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                                         87 N.J.L.J. 769
                                        December 3, 1964


Appointed by the New Jersey Supreme Court

Press Releases
Organization Letterheads

    The inquiry presented to this Committee by a member of the bar consists of three questions. We shall treat them separately.


    May an attorney call a press conference with regard to litigation on any matter in which he is involved? May he further so state in a statement to the news media?
    Canons of Professional Ethics, Canon 20 prohibits newspaper publications by a lawyer concerning pending or anticipated litigation. The question before us is void of facts and is general in character.
    In A.B.A. Comm. on Professional Ethics and Grievances, Opinion 140 (1935), the Committee stated: "Indirect advertisement for business by furnishing or inspiring newspaper comments concerning courses in which the lawyer has been or is engaged...defy the traditions and lower the tone of our high calling and are intolerable. Canon 27."
    In A.B.A. Comm. on Professional Ethics and Grievances, Opinion 199 (1940), the Committee stated:
        The experienced trial lawyer knows that an adverse public opinion is a tremendous disadvantage to the defense of his client. Although grand jurors conduct their deliberations in secret, they are selected from the body of the public. They are likely to know what the general public knows and to reflect the public attitude. Trials are open to the public, and aroused public opinion respecting the merits of a legal controversy creates a court room atmosphere which, without any vocal expression in the presence of the petit jury, makes itself felt and has its effect upon the action of the petit jury. Our fundamental concepts of justice and our American sense of fair play require that the petit jury shall be composed of persons with fair and impartial minds and without preconceived views as to the merits of the controversy, and that is shall determine the issues presented to it solely upon the evidence adduced at the trial and according to the law given in the instructions of the trial judge.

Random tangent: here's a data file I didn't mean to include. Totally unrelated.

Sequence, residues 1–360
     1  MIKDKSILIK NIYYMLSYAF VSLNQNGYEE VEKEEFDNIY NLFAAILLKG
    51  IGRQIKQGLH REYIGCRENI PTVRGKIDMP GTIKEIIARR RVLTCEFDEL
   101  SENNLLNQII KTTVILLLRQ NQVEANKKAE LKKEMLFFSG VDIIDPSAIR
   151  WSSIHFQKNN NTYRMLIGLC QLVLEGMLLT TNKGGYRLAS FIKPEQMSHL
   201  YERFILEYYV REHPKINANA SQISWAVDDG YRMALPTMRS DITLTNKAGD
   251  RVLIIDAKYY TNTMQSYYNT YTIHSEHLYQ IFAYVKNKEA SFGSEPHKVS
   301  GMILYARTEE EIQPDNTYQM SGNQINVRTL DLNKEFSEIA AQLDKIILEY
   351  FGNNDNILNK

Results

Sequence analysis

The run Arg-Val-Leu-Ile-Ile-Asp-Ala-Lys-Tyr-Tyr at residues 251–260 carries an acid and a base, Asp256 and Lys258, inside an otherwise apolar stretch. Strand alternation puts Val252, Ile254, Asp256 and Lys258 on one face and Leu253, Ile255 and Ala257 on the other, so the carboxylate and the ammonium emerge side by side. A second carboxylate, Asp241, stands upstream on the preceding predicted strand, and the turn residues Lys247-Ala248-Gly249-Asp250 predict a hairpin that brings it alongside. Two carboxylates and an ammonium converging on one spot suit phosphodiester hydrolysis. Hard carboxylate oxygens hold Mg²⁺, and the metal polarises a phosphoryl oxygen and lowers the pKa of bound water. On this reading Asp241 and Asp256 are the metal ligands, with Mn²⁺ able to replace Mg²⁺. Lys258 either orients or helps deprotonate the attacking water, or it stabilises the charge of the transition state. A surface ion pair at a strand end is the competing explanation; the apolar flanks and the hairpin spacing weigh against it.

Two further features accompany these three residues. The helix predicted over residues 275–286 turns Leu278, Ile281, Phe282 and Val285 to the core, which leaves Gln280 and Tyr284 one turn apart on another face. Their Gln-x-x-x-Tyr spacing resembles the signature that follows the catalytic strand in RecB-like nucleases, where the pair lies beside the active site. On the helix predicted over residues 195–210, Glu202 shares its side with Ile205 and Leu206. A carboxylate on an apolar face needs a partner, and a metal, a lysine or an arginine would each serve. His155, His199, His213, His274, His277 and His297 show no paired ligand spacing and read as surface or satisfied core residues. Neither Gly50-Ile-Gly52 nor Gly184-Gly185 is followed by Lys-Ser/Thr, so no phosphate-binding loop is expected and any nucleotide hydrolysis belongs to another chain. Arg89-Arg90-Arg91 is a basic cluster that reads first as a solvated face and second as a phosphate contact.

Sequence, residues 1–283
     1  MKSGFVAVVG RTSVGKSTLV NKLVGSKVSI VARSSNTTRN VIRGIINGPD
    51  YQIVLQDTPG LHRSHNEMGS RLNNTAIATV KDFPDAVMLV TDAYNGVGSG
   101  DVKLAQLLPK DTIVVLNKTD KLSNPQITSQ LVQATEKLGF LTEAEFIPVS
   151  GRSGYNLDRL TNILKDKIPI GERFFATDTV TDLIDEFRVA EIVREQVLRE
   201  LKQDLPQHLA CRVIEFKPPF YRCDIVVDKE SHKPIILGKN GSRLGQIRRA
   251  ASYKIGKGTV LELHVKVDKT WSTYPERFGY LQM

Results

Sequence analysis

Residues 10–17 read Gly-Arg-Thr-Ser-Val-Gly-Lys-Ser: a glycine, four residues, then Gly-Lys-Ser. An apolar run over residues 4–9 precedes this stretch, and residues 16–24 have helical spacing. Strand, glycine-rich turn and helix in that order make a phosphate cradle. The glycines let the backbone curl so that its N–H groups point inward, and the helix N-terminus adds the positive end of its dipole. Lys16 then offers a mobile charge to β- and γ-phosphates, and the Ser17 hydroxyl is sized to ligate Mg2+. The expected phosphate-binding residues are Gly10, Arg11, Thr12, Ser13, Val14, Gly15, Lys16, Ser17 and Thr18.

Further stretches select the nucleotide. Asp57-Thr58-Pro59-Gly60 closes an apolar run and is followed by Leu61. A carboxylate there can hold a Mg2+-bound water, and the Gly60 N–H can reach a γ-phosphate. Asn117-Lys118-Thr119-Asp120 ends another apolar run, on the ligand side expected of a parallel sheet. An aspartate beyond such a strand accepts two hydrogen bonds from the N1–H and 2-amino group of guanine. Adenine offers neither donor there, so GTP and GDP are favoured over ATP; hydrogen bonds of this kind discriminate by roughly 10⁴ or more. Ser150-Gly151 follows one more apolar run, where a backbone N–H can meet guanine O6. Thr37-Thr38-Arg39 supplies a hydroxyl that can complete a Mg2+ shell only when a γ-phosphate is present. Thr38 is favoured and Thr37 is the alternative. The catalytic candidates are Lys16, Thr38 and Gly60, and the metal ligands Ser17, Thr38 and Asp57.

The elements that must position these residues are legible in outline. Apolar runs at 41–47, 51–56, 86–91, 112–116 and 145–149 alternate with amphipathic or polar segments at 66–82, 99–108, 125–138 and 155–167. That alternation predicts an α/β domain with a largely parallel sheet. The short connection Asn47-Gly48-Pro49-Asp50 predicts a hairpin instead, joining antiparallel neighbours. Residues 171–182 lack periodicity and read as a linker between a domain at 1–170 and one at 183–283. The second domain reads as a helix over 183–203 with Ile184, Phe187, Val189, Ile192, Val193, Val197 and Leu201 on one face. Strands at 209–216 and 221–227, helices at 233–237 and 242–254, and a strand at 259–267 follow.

While we may doubt that the effect of public opinion would sway or bias the judgment of the trial judge in an equity proceeding, the defendant should not be called upon to run that risk and the trial court should not have his work made more difficult by any dissemination of statements to the public that would be calculated to create a public demand for a particular judgement in a prospective or pending case.

    It is the opinion of this Committee, therefore, that the question, as stated, must be answered in the negative.
2 and 3

    May an attorney be listed on the letterhead of an eleemosynary institution as counsel or attorney? If so, may his office address and/or telephone number also be listed?
    May an attorney be listed on the letterhead of a business corporation or organization as counsel or attorney? If so, may his separate office address and/or telephone number also be listed?
    This involves an interpretation of Canons of Professional Ethics, Canon 27 (Advertising, Direct or Indirect) and Canon 35 (Intermediaries). The problem is discussed in Drinker, Legal Ethics 218-9 (1953).